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Nigerian Governors lose as supreme court rules on local government autonomy



By Matthew Denis

The Supreme Court has declared it unconstitutional for state governors to withhold funds meant for Local Government (LG) administrations.

In a ruling on Thursday, 11 July, 2024, Justice Emmanuel Agim stated that LG allocations from the Federation Account should henceforth be paid directly to the local governments.

The court’s decision follows a longstanding issue where state governors have refused to grant financial autonomy to local governments, effectively withholding funds intended for them.

Justice Agim said that all 774 local government areas (LAG) in Nigeria must manage their own finances independently.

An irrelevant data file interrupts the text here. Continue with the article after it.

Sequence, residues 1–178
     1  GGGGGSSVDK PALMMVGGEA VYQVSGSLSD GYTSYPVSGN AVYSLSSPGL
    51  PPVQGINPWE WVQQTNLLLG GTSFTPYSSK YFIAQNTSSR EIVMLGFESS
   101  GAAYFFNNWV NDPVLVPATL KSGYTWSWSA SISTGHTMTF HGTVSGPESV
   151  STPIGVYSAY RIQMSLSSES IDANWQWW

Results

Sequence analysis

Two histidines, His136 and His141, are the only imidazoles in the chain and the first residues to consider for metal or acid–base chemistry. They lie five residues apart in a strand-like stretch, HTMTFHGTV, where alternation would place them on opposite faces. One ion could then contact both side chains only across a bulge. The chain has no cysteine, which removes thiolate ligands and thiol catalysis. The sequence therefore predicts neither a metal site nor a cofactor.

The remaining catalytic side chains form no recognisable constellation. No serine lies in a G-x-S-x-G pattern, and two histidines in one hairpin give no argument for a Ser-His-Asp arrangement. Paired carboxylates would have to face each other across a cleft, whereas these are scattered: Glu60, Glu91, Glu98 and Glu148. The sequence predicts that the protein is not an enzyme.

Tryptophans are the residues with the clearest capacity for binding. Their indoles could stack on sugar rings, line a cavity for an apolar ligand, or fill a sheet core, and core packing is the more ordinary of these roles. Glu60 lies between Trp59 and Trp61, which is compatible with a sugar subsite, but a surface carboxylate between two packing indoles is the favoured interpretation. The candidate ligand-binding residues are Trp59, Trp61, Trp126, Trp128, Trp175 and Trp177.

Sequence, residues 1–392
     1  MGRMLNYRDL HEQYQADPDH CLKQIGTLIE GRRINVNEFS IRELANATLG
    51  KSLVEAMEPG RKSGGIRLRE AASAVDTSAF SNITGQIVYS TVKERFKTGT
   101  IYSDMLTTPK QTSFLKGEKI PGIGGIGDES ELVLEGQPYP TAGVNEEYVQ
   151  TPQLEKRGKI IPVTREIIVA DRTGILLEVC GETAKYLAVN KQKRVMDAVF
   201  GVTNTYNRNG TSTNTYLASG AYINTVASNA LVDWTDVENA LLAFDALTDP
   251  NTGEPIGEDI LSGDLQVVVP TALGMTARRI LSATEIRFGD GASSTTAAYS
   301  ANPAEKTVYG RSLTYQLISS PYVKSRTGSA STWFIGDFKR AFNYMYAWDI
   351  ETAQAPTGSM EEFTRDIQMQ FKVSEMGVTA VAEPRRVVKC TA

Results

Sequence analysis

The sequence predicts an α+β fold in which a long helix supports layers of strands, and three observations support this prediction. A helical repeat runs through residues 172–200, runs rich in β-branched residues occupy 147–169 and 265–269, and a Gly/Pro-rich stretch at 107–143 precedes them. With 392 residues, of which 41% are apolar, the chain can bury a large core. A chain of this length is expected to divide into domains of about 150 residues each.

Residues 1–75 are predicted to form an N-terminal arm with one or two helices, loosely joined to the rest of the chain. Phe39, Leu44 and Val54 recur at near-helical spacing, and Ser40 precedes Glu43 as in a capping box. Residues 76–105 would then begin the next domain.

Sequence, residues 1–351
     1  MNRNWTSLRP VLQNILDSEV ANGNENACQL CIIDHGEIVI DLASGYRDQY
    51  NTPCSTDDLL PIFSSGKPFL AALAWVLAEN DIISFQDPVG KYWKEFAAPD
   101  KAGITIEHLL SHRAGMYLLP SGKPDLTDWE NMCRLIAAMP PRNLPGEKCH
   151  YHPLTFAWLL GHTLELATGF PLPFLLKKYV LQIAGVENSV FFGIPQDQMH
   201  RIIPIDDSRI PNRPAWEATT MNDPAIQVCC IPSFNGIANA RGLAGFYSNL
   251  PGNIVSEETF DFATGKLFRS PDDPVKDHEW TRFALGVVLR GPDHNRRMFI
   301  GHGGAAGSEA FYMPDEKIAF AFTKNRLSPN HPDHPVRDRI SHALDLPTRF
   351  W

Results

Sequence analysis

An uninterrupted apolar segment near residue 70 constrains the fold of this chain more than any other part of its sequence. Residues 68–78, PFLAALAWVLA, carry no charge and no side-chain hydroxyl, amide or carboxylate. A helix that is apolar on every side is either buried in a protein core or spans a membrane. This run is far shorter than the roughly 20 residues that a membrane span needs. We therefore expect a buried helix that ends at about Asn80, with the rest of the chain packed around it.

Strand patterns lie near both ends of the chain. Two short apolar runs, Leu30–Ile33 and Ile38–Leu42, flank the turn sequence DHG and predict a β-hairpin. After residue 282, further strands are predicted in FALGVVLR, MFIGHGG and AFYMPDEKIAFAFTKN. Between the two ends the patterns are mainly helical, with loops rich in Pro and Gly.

The ruling dismissed preliminary objections from the state governors, backing the suit filed by the Attorney-General of the Federation (AGF), Lateef
Fagbemi. The Federal Government’s suit sought to prevent governors from arbitrarily dissolving democratically elected councils, among other issues.

Justice Agim asserted the AGF’s right to protect the constitution by instituting the suit, ultimately directing that LG allocations should be disbursed directly from the Federation Account.

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Judge who freed Emefiele from DSS detention, 21 others inaugurated as Appeal Court Justices.



By Matthew Denis